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This is how Bayesian networks are used to operate the expert systems of an AI

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Manish Saini
Manish works as a Journalist and writer at Revyuh.com. He has studied Political Science and graduated from Delhi University. He is a Political engineer, fascinated by politics, and traditional businesses. He is also attached to many NGOs in the country and helps poor children to get a basic education. Email: Manish (at) revyuh (dot) com

In these last decades, a multitude of methods have been developed that create Artificial Intelligence for different types of problems and applications. One of those methods is the so  called expert systems.

Expert systems or knowledge-based systems are computer applications that solve problems with knowledge of human experts in a specific domain, that is, that expert systems emulate the ability to make decisions of a human expert.

Expert systems

These applications have two basic components: the reasoning system and a knowledge base formed by facts and rules. The reasoning system applies rules to facts to deduce new facts that are incorporated into the knowledge base. The most basic way to implement this system of reasoning is with conditional rules of the “If X then Y” style, and deduce new facts through inference.

A basic expert system consists of a knowledge base with facts and rules and an inference engine to obtain new facts.

Similar systems are already being used in hospitals to help the doctor diagnose and propose medical treatments. For example, England’s public health system uses a system of this style to make a first rapid diagnosis and thus help the doctor analyze a new patient with a list of possible diagnoses deduced by an expert system.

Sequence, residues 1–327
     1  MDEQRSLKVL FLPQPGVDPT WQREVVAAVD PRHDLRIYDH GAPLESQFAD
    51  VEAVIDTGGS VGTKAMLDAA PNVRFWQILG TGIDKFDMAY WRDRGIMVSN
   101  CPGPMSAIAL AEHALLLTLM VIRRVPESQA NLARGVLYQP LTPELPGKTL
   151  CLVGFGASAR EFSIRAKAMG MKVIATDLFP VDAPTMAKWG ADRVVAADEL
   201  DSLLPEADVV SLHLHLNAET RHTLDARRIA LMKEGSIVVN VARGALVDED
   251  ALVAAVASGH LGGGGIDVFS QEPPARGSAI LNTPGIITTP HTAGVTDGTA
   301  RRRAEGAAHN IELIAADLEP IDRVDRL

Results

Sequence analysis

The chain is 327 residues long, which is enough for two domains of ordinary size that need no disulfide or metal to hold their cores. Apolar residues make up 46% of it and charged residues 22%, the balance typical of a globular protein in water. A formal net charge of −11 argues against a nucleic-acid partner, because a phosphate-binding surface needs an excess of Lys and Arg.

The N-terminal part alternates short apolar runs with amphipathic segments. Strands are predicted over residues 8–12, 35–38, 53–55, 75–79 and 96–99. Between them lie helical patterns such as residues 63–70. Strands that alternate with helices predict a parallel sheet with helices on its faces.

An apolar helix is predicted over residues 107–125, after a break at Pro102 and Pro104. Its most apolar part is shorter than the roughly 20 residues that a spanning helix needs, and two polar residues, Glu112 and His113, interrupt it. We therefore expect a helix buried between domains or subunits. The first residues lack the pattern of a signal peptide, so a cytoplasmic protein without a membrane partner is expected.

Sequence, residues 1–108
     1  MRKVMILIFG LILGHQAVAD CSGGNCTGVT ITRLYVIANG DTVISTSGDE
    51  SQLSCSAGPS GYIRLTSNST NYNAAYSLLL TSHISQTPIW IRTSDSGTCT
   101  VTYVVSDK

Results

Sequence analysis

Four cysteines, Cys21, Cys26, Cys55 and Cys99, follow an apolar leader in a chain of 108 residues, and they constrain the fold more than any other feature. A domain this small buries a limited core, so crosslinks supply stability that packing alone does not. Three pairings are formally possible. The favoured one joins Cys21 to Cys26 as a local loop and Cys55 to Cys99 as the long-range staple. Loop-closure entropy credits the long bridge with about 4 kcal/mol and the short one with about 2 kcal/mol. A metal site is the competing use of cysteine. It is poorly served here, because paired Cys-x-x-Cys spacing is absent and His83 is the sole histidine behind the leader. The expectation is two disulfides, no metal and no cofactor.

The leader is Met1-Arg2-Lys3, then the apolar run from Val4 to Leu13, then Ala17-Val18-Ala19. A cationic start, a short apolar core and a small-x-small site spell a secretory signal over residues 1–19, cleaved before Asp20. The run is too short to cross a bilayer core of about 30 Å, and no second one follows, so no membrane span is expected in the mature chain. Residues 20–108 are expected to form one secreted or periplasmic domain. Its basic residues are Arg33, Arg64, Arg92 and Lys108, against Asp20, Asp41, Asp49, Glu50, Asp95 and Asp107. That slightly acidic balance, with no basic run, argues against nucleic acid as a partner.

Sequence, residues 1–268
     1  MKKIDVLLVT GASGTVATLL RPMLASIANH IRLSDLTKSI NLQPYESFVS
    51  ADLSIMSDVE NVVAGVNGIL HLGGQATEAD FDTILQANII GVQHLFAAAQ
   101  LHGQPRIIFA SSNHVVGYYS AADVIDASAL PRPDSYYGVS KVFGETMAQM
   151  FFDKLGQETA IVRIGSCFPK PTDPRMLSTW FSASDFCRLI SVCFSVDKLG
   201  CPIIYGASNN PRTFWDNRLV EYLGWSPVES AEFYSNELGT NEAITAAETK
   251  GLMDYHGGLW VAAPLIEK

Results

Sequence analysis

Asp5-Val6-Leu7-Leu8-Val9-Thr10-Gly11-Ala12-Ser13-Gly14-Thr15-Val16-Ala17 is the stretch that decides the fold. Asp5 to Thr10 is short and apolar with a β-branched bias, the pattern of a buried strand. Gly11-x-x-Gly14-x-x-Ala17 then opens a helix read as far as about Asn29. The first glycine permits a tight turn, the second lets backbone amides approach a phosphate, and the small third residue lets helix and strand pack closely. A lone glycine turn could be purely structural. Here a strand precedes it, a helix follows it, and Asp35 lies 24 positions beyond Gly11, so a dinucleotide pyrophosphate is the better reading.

Bayesian networks

One type of expert system widely used today is that based on a Bayesian network. In essence, it consists of a graph that represents a set of known variables and the dependency relationships between them in order to infer, that is, estimate the probability, of the unknown variables. Given its characteristics, this model is ideal for classification, prediction or diagnosis.

Imagine that we have two variables so that you can determine that the grass in a garden is wet: that the sprinkler is activated or that it is raining (assuming that if it rains, the sprinkler goes out). Once we have these variables, we can create a Bayesian model in which the three variables have two possible values ​​(true T, F false). The three variables are: G = Wet grass, S = Sprinkler activated, and R = Raining.

The model can answer questions like “What is the probability that it is raining since the grass is wet?”

However, expert systems also have their own inherent limitations:

  • Common sense: For an Expert System there is nothing obvious. For example, an expert system on medicine could admit that a man has been pregnant for 40 months, unless it is specified that this is not possible since a man cannot have children.
  • Natural language: With a human expert we can have an informal conversation while with an SE we cannot.
  • Learning ability: Anyone learns with relative ease from their mistakes and from outside mistakes, that an SE does this is very complicated.
  • Global perspective: A human expert is able to distinguish which are the relevant issues of a problem and separate them from secondary issues.
  • Sensory capacity: An SE is meaningless.
  • Flexibility: A human is extremely flexible when it comes to accepting data to solve a problem.
  • Unstructured knowledge: An SE is not able to handle unstructured knowledge.
  • An expert system does not have feelings or can understand certain emotions and human concepts such as marriage, morality, love or planning the future.
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